It would have been a change just to be able to put the name G5 on it.
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post #18 of 30
Quote:
Originally Posted by zunx

We want fanless computers. No fan, no noise. So, bring us less powerful chips, yet cooler!

Using the "PC" processor doesnt mean you have to adopt the PC's "its all about power" garbage. Maybe for an MBP cramming it with power makes sense. But for the entry level Macbook then a cooler, quieter chip makes sense even if it costs us some useless clock cycles. I want a Macbook for email and internet, not for vdeo editing.
post #19 of 30
You can always turn off one of the cores via software - I don't know how much this affects power consumption or heat production, but I'd guess there has to be some effect.
post #20 of 30
Quote:
Originally Posted by addabox

I have a friend whose brand new MBP (presumably revised mother board) gets hot enough to fry eggs and then shuts down. He is not amused.

Get them to check the battery. One of my clients has a MacBook Pro which was subject to the recent battery recall. After the exchange, it's running much cooler - like 10degC cooler.
post #21 of 30
Quote:
Originally Posted by applebook

This piece of news makes me so happy with my MacBook

It runs fairly "cool," and the fans are rarely ever audible even though it's up to 28 degrees outside 8)

ha ha ha!! Someone doesn't live in the US! Go Metric!!!
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post #22 of 30
Quote:
Originally Posted by SpamSandwich

What about the roadmap? Steve just loooooved the Intel chip roadmap. Did someone take a wrong turn?

Patience, grasshopper.

(a) Nobody else is doing better.
(b) Roadmaps extend more than 1 year into the future.
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post #23 of 30
According to Anandtech, the powerconsumption between the two chip is nearly the same. In real life performance, the advantage at the same clock rate is 10 %. This advantage is bigger for some task like encoding (the SIMS unit of the merom is much better than the one of the Yonah)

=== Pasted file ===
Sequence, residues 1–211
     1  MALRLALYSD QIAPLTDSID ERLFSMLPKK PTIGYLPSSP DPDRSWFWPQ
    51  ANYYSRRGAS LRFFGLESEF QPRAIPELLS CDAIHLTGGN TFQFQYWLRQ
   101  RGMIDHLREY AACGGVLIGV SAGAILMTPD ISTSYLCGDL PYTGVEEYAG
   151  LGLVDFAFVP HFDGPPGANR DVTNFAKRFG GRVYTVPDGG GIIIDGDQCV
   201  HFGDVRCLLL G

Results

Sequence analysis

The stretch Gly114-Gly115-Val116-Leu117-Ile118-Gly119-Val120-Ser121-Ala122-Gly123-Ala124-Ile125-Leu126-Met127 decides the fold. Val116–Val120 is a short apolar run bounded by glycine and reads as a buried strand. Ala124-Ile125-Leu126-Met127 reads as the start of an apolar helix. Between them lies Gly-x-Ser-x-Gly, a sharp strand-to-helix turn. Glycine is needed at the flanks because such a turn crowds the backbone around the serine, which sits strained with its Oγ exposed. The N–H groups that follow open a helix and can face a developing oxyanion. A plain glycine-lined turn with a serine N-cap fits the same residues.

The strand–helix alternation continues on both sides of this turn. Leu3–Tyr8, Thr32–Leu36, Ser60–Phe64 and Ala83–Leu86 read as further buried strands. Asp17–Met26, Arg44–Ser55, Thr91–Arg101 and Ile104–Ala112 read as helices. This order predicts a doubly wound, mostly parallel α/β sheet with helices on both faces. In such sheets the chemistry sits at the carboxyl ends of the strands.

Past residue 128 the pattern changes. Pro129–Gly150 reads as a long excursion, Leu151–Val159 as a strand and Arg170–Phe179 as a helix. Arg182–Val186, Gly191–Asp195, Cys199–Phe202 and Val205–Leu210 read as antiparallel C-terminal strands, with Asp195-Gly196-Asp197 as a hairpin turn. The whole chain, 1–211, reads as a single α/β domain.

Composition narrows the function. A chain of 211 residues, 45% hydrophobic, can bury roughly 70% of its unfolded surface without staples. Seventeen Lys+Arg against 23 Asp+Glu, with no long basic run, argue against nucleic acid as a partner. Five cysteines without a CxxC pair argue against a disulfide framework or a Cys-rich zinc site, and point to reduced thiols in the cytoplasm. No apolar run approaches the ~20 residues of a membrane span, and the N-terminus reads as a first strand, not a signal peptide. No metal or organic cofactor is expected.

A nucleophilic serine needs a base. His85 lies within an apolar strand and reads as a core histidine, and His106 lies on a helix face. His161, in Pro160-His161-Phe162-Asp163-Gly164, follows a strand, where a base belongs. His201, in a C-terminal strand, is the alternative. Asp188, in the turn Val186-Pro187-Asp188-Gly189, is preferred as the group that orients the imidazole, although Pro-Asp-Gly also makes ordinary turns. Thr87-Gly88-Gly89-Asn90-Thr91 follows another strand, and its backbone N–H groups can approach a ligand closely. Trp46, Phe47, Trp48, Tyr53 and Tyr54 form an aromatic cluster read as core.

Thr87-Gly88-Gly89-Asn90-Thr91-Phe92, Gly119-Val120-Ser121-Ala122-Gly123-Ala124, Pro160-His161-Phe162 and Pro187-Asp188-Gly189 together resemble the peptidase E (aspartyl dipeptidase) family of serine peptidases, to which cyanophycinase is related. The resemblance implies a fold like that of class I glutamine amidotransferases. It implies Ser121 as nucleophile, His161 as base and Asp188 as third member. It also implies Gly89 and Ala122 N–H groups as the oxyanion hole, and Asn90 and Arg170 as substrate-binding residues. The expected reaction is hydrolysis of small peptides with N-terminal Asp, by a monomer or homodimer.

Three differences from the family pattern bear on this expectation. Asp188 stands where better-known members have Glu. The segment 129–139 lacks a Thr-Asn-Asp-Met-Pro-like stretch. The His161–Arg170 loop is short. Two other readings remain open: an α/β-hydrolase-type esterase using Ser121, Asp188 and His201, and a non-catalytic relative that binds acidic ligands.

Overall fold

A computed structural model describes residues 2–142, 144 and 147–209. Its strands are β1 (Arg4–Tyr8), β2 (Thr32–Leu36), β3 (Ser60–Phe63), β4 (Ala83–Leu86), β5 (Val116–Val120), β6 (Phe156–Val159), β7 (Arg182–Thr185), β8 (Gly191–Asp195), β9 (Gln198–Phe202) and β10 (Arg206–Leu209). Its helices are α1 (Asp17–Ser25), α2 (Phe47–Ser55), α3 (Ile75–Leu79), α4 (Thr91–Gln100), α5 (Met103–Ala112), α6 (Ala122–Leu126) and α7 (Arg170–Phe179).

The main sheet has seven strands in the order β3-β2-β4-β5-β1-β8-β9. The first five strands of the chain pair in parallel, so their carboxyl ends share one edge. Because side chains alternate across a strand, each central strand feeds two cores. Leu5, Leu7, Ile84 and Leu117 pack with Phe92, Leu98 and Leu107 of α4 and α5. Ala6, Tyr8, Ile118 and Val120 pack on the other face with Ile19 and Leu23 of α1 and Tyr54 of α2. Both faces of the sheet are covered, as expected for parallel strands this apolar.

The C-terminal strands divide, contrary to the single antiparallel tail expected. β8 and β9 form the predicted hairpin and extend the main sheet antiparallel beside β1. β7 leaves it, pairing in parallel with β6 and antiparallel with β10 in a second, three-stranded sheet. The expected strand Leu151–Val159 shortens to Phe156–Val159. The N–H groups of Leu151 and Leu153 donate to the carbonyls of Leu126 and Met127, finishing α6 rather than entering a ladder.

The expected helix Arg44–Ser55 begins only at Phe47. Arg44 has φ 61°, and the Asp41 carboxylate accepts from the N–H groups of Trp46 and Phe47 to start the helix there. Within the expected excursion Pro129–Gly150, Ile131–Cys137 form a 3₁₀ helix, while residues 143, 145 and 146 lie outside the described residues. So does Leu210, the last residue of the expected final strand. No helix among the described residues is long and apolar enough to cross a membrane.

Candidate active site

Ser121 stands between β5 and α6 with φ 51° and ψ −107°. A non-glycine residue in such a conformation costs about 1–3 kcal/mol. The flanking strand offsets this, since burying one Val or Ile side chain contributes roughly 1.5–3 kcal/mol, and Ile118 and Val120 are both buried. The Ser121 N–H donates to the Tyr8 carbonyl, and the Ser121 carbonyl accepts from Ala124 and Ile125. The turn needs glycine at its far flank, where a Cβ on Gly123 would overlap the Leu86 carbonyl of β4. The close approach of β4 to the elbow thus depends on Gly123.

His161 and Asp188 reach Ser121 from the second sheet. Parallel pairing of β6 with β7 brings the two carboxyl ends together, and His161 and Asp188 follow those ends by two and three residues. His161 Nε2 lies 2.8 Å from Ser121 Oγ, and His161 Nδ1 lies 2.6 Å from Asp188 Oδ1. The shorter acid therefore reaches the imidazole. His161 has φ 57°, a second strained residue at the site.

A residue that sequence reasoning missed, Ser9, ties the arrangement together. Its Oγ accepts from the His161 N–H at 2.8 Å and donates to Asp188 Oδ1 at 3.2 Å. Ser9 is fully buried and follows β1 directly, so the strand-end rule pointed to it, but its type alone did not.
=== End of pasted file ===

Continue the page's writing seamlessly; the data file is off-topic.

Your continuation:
post #24 of 30
Quote:
Originally Posted by Programmer

Patience, grasshopper.

(a) Nobody else is doing better.
(b) Roadmaps extend more than 1 year into the future.

(c) it's still a lot better than the G4/G5 days, 4 new chips out and a fifth expected 12 months.
post #25 of 30
Quote:
Originally Posted by danbirchall

IBM had white papers out showing really low thermal stuff for the PPC970FX (lower-power G5), but for some reason Apple never managed to cram even one core into a laptop for us!

If I'm not mistaken, those got into the iMac and PowerMac.
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post #26 of 30
Quote:
Originally Posted by monkeybutler

Using the "PC" processor doesnt mean you have to adopt the PC's "its all about power" garbage. Maybe for an MBP cramming it with power makes sense. But for the entry level Macbook then a cooler, quieter chip makes sense even if it costs us some useless clock cycles. I want a Macbook for email and internet, not for vdeo editing.

Um, a PowerBook does that.

Heck, an iBook would do.
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post #27 of 30
Quote:
Originally Posted by applebook

Um, a PowerBook does that.

Heck, an iBook would do.

<sarcasm> But its not NEW!! DUH!!! </sarcasm>
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post #28 of 30
Quote:
Originally Posted by applebook

Um, a PowerBook does that.

Heck, an iBook would do.

Neither of those were 3lb and can go seven hours on a battery charge without getting very warm. Intel's ULV chips allow that with a 1.2GHz chip that consumes 5.5W max.
post #29 of 30
An updated version of the Sony TR with OSX would be spot on for me...

Like this one...

http://www.youtube.com/watch?v=-2xDWdbHLec
post #30 of 30
Quote:
Originally Posted by aegisdesign

An updated version of the Sony TR with OSX would be spot on for me...

Like this one...

http://www.youtube.com/watch?v=-2xDWdbHLec

Uglay.